CV / Biblio

Matthew Brown at Clint Roenisch Gallery

Gary Michael Dault, The Globe and Mail, 2009

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The very strange paintings making up this exhibition by Vancouver artist Matthew Brown - which, titled The Mouth of a Monk Is Like an Oven, is surely the most irritating but appealing title of the year – are deliciously ugly, sensuously off-putting, and winningly alienating.

The paintings come about as a result of the artist’s having doodled his way into a world of image-processing software procedures and then remaking his now software-reconfigured drawings as paintings on canvas. Asgallery owner Clint Roenisch notes in the show’s press release, the new computer-masticated images Brownemploys as the basis for his work are “painted onto canvas through an imaginative filter rather than mimed exactly.”

Imaginative filter indeed. Brown’s otherworldly paintings appear to be of figures – isolated, rather totemic figures – but then not really. They are upright configurations that stare blankly back at you – but with what are not really eyes, and therefore with what are not really stares. Painting in pigment that is alternately gorgeous and then, suddenly, thin and cheap-looking, and in colours that are distressingly likely to change from lambent to laboured at a moment’s notice, Brown confounds even the skill with which most painters who have it are gratefully stuck.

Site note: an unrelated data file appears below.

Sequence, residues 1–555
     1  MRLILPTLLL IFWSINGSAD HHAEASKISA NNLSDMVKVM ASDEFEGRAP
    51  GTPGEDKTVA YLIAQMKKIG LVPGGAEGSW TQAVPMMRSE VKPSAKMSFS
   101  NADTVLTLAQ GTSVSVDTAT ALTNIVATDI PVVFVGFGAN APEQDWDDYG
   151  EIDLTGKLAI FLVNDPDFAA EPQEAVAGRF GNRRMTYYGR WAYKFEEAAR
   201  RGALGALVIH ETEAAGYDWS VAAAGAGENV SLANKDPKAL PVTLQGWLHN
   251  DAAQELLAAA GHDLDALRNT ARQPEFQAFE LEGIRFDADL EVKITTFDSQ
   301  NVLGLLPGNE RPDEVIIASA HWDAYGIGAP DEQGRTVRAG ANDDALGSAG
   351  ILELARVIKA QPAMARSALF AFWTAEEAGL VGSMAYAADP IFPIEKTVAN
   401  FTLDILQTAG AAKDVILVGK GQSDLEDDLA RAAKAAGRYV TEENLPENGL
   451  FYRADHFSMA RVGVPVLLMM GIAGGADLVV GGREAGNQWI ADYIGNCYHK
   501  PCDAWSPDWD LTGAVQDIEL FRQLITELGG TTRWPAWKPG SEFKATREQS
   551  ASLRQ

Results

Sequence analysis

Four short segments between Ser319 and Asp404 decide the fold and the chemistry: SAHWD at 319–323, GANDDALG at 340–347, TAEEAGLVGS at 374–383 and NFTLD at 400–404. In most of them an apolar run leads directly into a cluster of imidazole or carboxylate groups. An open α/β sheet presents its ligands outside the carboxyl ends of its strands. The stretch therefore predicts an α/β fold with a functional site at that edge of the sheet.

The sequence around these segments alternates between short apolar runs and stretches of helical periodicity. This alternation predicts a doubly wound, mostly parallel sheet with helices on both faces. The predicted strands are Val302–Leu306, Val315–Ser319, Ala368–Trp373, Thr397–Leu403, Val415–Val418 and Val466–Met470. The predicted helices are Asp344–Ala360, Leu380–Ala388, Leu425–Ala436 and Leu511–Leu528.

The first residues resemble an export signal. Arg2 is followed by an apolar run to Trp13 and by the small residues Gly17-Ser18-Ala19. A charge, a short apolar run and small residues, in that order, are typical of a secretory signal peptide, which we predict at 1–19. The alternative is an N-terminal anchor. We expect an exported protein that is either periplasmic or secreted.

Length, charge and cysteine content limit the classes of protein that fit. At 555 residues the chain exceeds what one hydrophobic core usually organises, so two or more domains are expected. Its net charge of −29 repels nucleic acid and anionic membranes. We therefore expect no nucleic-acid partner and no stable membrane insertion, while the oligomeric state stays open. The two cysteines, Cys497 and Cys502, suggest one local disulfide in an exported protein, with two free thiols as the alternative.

As writer Lee Henderson notes, in a brilliant essay about a recent show at Vancouver’s Tracey LawrenceGallery, “Brown’s paintings are not precisely abstraction, and they are not figurative either. Not descriptive, not narratively driven, not purely organic, but not altogether synthetic. …” Henderson goes on to point out thatBrown’s paintings are “not easily reducible images, they do not mount any grand proposal, and they are not easily thematized. They are,” he reports grandly, “paintings full of nots.”

Their being so provocatively not-endowed gives them an alarming kind of newness. They look like nothing else but themselves – no small accomplishment in these days of aesthetic retreads, revisitations, homages, allusions and appropriations. No, Brown is violently his own man. Henderson characterizes the paintings with economy (and invents the best simile ever to assist him): “The organizing principle behind Brown’s work,” he writes, “is not familiar, but the imagery somehow is. Like looking at your mother’s sister.”


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